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Hoffmann, R. A wiki for the life sciences where authorship matters. Nature Genetics (2008)

Influence of transposable elements on the structure and function of the A1 gene of Zea mays.

The structure of the A1 gene of Zea mays was determined by sequencing cDNA and genomic clones. The gene is composed of four exons and three short introns. The 40.1-kd A1 protein is an NADPH-dependent reductase. Germinal derivatives of the mutable a1-m1 allele with either recessive or wild-type phenotype have been isolated. Sequence analysis of these revertant alleles indicates that frame-shift mutations abolish A1 gene function, whereas one additional amino acid within the protein sequence still allows wild-type gene expression. The presence of a second, promoter-like structure, upstream of the functional A1 gene promoter is discussed with respect to its possible involvement in differential expression of the A1 gene. The structure of the a1-m2 8004, 3456 and 4412 alleles, featuring distinguishable phenotypes in the presence of Spm(En), was also determined. In all alleles the 1080-bp-long inhibitor (I) element is located 15 bp upstream of the CAAT box of the A1 gene promoter. The unusual response of a1-m2 alleles to trans-active signals of the Spm(En) element is discussed with respect to the position of the I inserts. Also presented are data on the structure and insertion sites of transposable elements determined by cloning and sequencing of the mutable a1 alleles a1-mpapu, a1-mr 102 and a1-ml.[1]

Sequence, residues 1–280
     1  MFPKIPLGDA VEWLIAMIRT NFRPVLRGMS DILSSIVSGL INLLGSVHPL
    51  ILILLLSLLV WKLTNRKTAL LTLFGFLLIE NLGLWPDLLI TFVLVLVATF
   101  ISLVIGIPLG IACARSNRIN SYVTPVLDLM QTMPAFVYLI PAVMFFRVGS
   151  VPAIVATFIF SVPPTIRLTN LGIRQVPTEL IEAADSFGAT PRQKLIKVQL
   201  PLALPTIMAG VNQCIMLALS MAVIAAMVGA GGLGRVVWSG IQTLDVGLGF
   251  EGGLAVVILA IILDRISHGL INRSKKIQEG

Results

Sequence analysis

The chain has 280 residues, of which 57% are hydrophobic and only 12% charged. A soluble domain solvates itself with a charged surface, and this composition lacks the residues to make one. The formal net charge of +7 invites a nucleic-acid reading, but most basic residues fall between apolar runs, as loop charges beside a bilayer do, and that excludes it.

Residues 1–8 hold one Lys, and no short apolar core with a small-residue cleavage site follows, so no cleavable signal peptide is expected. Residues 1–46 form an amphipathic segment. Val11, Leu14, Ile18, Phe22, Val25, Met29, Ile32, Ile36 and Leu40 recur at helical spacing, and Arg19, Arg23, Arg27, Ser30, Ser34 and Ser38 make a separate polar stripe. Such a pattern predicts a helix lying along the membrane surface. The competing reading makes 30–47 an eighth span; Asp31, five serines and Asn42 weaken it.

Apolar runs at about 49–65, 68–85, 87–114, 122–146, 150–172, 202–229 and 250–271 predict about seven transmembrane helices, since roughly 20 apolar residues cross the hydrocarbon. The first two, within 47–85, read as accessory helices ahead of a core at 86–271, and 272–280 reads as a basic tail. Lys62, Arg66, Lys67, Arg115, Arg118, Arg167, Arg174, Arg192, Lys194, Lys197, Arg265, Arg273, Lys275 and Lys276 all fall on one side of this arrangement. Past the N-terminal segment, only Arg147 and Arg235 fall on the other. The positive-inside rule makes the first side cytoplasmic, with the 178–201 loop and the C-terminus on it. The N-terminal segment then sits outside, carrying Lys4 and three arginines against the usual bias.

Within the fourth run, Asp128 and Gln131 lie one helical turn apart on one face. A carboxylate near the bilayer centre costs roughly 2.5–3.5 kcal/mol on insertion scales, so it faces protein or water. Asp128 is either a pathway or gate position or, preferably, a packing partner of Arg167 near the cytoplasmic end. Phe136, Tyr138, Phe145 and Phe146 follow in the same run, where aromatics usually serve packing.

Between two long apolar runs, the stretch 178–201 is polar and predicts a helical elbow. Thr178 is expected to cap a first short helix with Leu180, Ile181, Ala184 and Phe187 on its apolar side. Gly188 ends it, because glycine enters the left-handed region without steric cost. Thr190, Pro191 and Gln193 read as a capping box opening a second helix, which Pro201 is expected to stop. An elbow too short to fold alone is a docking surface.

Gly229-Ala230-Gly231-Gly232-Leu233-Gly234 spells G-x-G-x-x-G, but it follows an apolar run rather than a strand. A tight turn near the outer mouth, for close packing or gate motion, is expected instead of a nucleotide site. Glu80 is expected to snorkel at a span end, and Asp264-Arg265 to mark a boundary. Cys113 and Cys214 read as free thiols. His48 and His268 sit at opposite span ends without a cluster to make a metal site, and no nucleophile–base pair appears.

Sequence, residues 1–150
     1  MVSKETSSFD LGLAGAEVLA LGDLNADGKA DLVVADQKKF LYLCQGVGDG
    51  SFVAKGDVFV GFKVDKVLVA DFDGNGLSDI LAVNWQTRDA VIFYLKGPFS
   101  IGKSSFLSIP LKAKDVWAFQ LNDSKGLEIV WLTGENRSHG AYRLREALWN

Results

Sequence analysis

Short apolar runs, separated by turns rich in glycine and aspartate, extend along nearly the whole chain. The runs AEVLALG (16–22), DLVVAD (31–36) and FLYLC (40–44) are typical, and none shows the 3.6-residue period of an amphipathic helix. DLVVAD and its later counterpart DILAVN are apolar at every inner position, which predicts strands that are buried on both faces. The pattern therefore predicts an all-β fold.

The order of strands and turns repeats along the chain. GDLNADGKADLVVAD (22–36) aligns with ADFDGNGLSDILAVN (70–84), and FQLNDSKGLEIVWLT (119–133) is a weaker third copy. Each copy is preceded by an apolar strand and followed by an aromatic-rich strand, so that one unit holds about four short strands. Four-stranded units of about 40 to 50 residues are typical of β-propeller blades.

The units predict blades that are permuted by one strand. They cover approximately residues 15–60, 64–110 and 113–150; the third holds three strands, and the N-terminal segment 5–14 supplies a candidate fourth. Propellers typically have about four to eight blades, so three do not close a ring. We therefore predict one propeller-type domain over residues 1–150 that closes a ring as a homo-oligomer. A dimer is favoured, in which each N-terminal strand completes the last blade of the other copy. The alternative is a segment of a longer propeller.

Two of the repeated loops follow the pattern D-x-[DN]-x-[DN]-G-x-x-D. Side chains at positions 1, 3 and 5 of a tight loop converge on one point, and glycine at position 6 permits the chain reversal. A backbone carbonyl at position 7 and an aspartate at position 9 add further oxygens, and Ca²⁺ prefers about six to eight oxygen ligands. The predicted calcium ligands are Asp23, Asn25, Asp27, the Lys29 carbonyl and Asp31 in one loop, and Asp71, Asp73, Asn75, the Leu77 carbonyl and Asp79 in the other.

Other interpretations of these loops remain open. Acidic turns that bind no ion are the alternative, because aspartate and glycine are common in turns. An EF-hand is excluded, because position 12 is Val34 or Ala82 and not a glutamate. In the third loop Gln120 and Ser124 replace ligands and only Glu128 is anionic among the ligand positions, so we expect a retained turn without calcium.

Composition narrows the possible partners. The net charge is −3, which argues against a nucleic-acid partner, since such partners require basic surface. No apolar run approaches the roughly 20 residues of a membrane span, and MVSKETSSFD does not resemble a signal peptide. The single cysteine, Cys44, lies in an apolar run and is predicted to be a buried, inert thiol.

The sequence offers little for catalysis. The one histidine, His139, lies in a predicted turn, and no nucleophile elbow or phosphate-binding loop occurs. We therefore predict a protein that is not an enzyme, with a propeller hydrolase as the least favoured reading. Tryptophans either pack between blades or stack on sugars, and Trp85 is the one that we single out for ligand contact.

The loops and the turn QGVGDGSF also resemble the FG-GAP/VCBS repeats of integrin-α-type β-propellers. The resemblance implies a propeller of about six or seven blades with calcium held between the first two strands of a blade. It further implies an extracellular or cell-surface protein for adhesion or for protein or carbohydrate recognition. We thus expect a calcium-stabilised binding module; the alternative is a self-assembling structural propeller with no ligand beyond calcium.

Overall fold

1. Influence of transposable elements on the structure and function of the A1 gene of Zea mays. Schwarz-Sommer, Z., Shepherd, N., Tacke, E., Gierl, A., Rohde, W., Leclercq, L., Mattes, M., Berndtgen, R., Peterson, P.A., Saedler, H. EMBO J. (1987) [Pubmed]
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